Friday, September 30, 2011 Tigers without worrying about records or prestige. “A lot of people are going to view it as a huge challenge, but we view it as a huge opportunity,” Phillips said. “We’ll go down there, let it rip.” While Kentucky ranks No. 10 in the SEC in total offense and total defense, it brings a few playmakers the Tigers will have to watch. Senior linebacker Danny Trevathan leads the SEC in tackles per game, while fellow senior linebacker Winston Guy ranks third in the SEC in the same category. Junior quarterback Morgan Newton will also provide a challenge for the Tigers as a passer that has the ability to move outside of the pocket.  “He’s a very talented thrower and a guy that sees the field,” Miles said. “He’s very accurate. The quarterback’s putting the ball on the money.” The game will be anything but usual for the Tigers, as the game will kick off at 11:20 a.m., a rare latemorning game in Tiger Stadium. “I haven’t played in the morning since little league,” sophomore running back Spencer Ware said. “I’m going to have to wake up earlier, get moving and get my mind thinking it’s the afternoon, even if it’s not.”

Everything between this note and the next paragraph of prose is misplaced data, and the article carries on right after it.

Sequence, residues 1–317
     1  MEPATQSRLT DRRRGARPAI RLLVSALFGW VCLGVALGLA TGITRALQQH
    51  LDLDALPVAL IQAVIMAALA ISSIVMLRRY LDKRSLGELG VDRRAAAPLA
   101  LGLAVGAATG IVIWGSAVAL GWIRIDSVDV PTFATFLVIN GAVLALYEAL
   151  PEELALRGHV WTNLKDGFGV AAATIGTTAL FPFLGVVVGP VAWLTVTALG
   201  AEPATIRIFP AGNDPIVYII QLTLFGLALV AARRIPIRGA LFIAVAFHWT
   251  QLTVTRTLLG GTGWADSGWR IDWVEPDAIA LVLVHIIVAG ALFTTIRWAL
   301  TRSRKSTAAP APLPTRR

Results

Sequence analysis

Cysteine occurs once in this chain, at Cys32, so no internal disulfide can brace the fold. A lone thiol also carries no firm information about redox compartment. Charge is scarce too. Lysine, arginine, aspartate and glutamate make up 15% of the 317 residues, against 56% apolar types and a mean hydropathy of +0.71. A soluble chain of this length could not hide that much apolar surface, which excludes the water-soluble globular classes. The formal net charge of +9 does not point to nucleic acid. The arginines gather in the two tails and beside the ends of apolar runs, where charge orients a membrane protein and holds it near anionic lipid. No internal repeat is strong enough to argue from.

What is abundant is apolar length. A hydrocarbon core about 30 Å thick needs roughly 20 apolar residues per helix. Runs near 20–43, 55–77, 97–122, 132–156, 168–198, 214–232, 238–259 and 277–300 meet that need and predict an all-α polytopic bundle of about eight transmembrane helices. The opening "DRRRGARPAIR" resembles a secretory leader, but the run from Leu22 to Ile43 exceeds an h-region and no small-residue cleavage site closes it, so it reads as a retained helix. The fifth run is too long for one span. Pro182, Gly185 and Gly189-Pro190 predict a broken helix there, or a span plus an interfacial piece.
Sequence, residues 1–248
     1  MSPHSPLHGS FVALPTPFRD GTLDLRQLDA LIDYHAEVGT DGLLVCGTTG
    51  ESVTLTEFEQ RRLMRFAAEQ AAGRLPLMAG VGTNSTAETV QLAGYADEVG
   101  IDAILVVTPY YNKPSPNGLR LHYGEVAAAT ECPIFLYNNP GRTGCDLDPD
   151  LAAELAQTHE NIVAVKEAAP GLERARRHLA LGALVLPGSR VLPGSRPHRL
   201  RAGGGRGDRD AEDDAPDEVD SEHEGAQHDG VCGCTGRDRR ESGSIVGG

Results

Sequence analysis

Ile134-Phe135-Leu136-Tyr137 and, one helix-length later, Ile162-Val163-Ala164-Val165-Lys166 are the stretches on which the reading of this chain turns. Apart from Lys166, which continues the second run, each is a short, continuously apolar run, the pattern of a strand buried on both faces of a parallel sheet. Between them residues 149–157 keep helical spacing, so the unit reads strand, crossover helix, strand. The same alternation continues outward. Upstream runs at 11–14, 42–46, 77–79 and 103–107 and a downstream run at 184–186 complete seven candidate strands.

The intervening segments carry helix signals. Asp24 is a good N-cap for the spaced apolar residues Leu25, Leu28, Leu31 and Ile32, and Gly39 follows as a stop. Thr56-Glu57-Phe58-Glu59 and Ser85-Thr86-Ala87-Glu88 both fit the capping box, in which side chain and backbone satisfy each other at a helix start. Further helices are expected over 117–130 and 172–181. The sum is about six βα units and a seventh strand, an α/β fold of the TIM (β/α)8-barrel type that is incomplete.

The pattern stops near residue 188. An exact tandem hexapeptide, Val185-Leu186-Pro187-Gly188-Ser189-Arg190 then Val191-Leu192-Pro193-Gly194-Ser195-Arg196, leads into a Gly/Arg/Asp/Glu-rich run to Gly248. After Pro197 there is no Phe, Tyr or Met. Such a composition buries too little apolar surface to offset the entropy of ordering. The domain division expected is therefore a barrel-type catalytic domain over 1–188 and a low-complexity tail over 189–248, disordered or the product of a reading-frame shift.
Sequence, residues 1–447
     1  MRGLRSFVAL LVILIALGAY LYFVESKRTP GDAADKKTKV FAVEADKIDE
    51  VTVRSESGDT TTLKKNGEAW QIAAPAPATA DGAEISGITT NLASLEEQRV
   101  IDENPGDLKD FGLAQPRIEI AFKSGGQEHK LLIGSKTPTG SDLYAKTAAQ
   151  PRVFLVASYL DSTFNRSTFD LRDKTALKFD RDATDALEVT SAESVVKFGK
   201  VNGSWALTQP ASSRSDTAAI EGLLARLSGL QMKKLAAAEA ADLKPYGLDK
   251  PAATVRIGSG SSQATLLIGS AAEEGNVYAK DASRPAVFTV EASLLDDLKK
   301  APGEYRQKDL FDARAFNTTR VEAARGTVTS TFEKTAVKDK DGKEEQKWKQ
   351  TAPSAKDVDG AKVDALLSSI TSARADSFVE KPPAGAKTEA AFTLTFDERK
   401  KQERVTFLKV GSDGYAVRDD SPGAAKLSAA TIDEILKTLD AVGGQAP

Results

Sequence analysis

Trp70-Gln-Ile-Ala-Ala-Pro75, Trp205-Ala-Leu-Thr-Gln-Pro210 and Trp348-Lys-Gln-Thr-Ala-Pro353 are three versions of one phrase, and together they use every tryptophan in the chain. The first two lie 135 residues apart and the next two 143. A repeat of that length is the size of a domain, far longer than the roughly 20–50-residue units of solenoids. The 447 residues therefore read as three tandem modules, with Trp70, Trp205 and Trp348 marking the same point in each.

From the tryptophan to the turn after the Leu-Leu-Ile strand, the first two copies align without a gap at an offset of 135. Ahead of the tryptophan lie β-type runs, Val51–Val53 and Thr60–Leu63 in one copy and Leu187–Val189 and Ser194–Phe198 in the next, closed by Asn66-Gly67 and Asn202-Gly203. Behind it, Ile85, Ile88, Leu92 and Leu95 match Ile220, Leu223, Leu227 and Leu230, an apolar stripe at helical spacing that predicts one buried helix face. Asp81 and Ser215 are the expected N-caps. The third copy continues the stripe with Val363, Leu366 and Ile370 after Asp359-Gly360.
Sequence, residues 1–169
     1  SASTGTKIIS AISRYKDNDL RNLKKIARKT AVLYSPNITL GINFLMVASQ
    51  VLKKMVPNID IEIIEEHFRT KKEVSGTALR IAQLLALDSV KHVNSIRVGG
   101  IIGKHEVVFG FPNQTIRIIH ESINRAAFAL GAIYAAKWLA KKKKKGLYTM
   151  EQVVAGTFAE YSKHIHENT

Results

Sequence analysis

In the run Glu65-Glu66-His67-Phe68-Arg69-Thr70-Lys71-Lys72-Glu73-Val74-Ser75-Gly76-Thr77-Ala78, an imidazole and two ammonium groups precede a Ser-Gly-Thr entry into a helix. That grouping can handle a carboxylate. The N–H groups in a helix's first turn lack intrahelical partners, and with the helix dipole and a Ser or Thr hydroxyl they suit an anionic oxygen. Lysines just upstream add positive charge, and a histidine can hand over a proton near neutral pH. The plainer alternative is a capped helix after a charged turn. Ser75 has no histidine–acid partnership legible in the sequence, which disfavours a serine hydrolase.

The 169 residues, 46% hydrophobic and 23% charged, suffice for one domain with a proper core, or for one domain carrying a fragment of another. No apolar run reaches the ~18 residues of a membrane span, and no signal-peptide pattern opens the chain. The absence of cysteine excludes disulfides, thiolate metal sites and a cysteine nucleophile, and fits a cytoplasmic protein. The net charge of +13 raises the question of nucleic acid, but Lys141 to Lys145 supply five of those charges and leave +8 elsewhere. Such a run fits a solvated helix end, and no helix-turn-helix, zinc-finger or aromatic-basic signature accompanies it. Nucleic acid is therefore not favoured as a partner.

The Tigers are confident in their ability to continue making big plays, even at a time they’re not used to. “It’s expected,” said sophomore defensive end Sam Montgomery. “Somebody’s going to make a bigtime play and we’ll be consistent.” LSU ranks first in the SEC in turnover margin at +8, including four turnovers forced at West Virginia.  Phillips is wary of protecting the ball against the Tigers. “The thing we can’t do is make the mistake, get all uptight, make another mistake and they start to mount,” he said. “Then all heck breaks loose. We can’t have that. We’ve just got to relax and play ball.” Miles said the Tigers go out of their way not only to teach the defense to make big plays, but also to emphasize ball security in every practice. “Our quarterback, to this point in time, is making better decisions thanks to [quarterbacks coach Steve] Kragthorpe,” Miles said. “I think there’s a real concerted effort to do the right thing with that ball. It’s ours — we want it returned to us.”

Contact Albert Burford at aburford@lsureveille.com


Tiger Feed sports blog: Read thoughts on Jordan Jefferson’s potential return to the field on lsureveille.com.

Friday, September 30, 2011

PIGSKIN KIN

Sports

page 7

VOLLEYBALL